Kuromon market

Kuromon Ichiba is a food market located near Nipponbashi station south of Osaka. Sheltered under arcades, visitors stroll through more than a hundred stands of fresh produce and can taste all the richness of local gastronomy on site.

Kuromon's reputation is well established, even at the national level. The covered market in the Naniwa district, which bears on its shoulders nearly two hundred years of history, boasts impressive statistics. Along its pedestrian axis, nearly six hundred metres long, more than one hundred and fifty shops of all kinds line up cheerfully.

The various stalls are mixed with the shops located on the pedestrian street. If half of the shops are naturally linked to seafood products (there are several certified specialists in fugu, this deadly fish so poorly prepared), the market happily complements them with lots of meat, vegetables and condiments.

Kuromon has also built a more recent reputation thanks to the tastings it offers. Many stands allow you to taste the fresh products prepared on site; in addition to the classic sushi, scallops and sea urchins, you can also discover squid, jellyfish or even the famous grilled octopus sticks, which are emptied to be filled with a quail egg and dipped in soy sauce (see picture of one).

In addition, Osaka also offers its collection of more or less local grilled meats. We are obviously thinking of takoyaki, but they are largely joined by tempura, oden and taiyaki for the sweet touch. Finally, small supermarkets have just finished to decorate the picture, with their fruit at the top of the gondola at delirious prices.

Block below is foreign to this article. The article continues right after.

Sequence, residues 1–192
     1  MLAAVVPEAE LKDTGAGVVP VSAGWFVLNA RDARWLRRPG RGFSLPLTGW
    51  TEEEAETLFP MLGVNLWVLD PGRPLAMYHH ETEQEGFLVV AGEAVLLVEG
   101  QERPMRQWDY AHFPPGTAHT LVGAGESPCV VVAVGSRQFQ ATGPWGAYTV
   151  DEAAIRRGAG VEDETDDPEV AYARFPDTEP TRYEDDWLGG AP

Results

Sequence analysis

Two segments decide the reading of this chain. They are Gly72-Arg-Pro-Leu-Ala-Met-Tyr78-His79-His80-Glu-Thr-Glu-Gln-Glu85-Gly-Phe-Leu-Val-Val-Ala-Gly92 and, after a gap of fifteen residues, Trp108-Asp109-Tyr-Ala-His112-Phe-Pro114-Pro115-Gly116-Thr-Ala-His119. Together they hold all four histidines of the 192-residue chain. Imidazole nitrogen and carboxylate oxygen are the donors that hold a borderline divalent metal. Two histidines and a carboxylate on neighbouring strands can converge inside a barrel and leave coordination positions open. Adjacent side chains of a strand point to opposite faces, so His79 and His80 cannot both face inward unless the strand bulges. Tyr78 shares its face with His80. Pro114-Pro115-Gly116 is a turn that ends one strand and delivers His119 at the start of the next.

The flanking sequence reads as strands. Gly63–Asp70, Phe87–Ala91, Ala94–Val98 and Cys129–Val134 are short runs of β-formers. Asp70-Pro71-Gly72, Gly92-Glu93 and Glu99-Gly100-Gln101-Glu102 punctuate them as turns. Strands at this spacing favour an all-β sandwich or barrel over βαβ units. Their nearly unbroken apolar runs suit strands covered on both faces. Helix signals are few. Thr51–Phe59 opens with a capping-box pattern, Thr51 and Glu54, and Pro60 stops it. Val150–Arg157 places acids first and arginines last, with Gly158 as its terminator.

Recently, however, the Kuromon market seems to be suffering from its success. Foreign tourists now disembark en masse, especially Asian buses that pour out their swarms of visitors. The fast food restaurants have not been mistaken, adapting their offer, but at the same time the place seems to have lost part of its good-natured atmosphere. As an off-topic witness, a few clothing stores even clung to the extremities of the market.

Wholesalers, who would represent half of the turnover, are then becoming increasingly discreet, even though they supplied some of Osaka's greatest chefs.

    

 

   



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